Living Yoga little by little

I recently watched a Reel where a woman shows how she gets rid of stress by one by one taking out of her home her kids, her dog, her husband, and some objects representing house chores. Funny video, and relatable. I also sometimes wish to take everyone and everything out of the house, except for my cat, of course, or simply run away from it all.

Although meant to be funny in a very simple way, this Reel kept me thinking, mostly because I have been reflecting lately about how I keep going mentally to the same spaces that create stress related to my family life. We all want to run away from what creates stress in our lives at some point. Even the great warrior Arjuna before the battle of his life, as described in the Bhagavad Gita:

  1. “Sanjaya said: After speaking this way to Krishna, the Lord of the senses, Arjuna, who is the terror of his enemies, said: “I won’t fight” and became silent. “Satchidananda, Sri Swami. The Living Gita: The Complete Bhagavad Gita: a Commentary for Modern Readers (Ch 2 p. 12). Integral Yoga Publications. Kindle Edition.

It is the Eater break and with it comes more time spent together in the house, and multiple expectations, many of them unmet. Some are my own expectations, and I have to “deal” with the emotions they bring, and some of them are my kids and my husband’s and for some reason, they feel like my responsibility too, so I also “deal” with the emotions they bring in me and in them. This has been the dynamic since I can remember every time we are on holiday.

The easiest would be to go on a holiday on my own, but I like to spend time with my family, so this time, I decided to be mindful of my frustrations and use my breath to let go of them or communicate in a positive way. When it comes to expectations and frustrations from others, I am working on not making them mine. Allow my kids to feel what they feel, ask critical questions if relevant, and let go as much as possible.

The Easter break has become in our family a time we spend at home, relaxing, the girls and I usually have some handcraft projects, our oldest son does his thing, and my husband does too. This, in reality, should be a very chill holiday, but I make a mental mess out of it having a bad conscience for not taking the kids anywhere, having a bad conscience for not doing something in the house like Spring cleaning or deep tidying up, or any other chore that requires more time that I have been procrastinating for long. The bad conscience is then mixed with annoyance because “only I see the work that needs to be done” while my husband “just sits there are does nothing”. The funny (or tragic) part is that no one knows about all these thoughts. I go through the holiday dealing with them myself. So, this Easter break, when I went into the shed to get something and I saw, again, the mess “nobody” takes the responsibility to clear, I took a deep breath and asked myself “Do I want to tidy up now?”, the answer was obviously no, so I made a mental note, I will do this at the beginning of the Summer break. No expectation of anyone else doing it, I see it, it bothers me, and I will do something about it, but not now.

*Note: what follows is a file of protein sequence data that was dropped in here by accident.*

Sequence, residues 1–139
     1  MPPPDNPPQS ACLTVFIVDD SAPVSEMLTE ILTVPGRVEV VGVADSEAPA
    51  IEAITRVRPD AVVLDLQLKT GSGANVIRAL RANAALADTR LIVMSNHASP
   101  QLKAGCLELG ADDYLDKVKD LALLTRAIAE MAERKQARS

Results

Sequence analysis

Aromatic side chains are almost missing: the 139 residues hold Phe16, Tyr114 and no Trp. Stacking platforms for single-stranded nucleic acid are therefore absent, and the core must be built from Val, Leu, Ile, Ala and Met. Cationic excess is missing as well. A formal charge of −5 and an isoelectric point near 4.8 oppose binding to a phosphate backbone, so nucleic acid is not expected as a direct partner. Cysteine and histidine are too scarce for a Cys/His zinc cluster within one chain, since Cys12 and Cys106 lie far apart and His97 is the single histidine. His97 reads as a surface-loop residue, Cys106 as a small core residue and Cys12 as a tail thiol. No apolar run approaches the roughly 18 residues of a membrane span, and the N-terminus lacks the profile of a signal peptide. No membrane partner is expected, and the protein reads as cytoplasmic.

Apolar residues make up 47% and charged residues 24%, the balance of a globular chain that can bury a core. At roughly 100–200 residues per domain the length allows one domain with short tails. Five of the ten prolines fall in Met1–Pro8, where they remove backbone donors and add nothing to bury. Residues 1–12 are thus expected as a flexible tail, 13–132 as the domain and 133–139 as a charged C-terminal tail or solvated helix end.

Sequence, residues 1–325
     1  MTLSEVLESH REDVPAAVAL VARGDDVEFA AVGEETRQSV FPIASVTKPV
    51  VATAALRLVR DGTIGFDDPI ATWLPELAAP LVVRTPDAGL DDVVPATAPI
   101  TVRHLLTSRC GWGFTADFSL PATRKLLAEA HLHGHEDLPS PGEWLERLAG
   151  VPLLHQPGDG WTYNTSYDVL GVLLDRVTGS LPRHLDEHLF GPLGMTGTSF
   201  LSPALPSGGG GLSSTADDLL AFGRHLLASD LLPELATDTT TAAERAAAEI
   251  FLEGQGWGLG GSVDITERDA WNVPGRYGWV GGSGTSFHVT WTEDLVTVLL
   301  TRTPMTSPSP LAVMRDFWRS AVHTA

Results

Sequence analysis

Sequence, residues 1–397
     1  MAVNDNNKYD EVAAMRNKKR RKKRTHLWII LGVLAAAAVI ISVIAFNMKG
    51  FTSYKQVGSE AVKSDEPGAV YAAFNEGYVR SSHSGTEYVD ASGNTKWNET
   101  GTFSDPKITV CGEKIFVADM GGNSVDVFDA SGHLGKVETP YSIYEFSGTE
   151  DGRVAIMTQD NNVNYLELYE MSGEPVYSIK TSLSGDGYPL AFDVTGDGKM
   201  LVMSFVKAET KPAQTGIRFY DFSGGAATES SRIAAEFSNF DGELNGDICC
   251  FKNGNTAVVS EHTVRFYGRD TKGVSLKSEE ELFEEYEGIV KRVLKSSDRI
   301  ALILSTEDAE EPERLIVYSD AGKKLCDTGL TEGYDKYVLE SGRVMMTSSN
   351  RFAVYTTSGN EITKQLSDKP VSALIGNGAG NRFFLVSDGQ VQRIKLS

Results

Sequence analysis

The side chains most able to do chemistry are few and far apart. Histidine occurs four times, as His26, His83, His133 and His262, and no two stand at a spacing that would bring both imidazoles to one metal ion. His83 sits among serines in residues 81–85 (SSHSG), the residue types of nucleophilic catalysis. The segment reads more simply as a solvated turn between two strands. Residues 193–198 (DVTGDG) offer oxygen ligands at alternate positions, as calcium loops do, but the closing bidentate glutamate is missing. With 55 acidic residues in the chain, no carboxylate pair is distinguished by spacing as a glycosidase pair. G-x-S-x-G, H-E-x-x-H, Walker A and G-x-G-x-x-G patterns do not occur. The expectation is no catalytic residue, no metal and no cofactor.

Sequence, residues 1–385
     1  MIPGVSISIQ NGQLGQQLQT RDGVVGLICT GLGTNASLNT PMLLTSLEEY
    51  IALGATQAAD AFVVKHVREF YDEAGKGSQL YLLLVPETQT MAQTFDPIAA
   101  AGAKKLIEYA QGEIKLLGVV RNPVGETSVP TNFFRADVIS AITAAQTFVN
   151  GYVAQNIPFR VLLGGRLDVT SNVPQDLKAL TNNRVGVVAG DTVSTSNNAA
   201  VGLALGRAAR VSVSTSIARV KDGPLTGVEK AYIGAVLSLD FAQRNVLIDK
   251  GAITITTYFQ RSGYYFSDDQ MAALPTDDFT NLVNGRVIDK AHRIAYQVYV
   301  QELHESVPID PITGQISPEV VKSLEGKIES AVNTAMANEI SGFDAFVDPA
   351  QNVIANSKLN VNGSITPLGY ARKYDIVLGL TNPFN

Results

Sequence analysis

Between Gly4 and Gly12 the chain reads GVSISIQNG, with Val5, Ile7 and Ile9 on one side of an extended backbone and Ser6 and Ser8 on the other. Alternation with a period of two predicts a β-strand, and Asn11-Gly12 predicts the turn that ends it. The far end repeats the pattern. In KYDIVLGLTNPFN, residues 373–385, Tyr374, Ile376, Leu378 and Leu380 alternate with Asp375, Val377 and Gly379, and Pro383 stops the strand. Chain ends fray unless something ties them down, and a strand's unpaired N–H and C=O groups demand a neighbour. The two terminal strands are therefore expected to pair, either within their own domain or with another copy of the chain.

1. “You can rise up through the efforts of your own mind; or in the same manner, draw yourself down, for you are your own friend or enemy.” Satchidananda, Sri Swami. The Living Gita: The Complete Bhagavad Gita: a Commentary for Modern Readers (Ch 6 p. 80). Integral Yoga Publications. Kindle Edition.

I am a strong believer that stress and distress are mostly a result of our thoughts, and although there are situations that do create immediate distress such as illnesses and accidents, it is how we deal with them that makes the difference. Life is full of surprises, and we owe to ourselves to live mindfully in the small moments (like my frustrations of everyday life), so we are equipped to deal with what I see as the “real” moments of distress.

I have now been studying Yoga for eight years, and most of what I study and learn makes sense, it is about time that I have a more conscious approach to its modalities and apply them more actively if I really want to see a change happen in my mindset. Little by little, step by step.

And in moments where I feel nothing else helps, I like to think of the Self, this deeper part of myself that is pure, at peace and unaffected by whatever happens in the palpable world.

  1. “Weapons do not affect the Self; fire does not burn it, water does not wet it and wind does not dry it.” Satchidananda, Sri Swami. The Living Gita: The Complete Bhagavad Gita: a Commentary for Modern Readers (Ch2 p. 16). Integral Yoga Publications. Kindle Edition.

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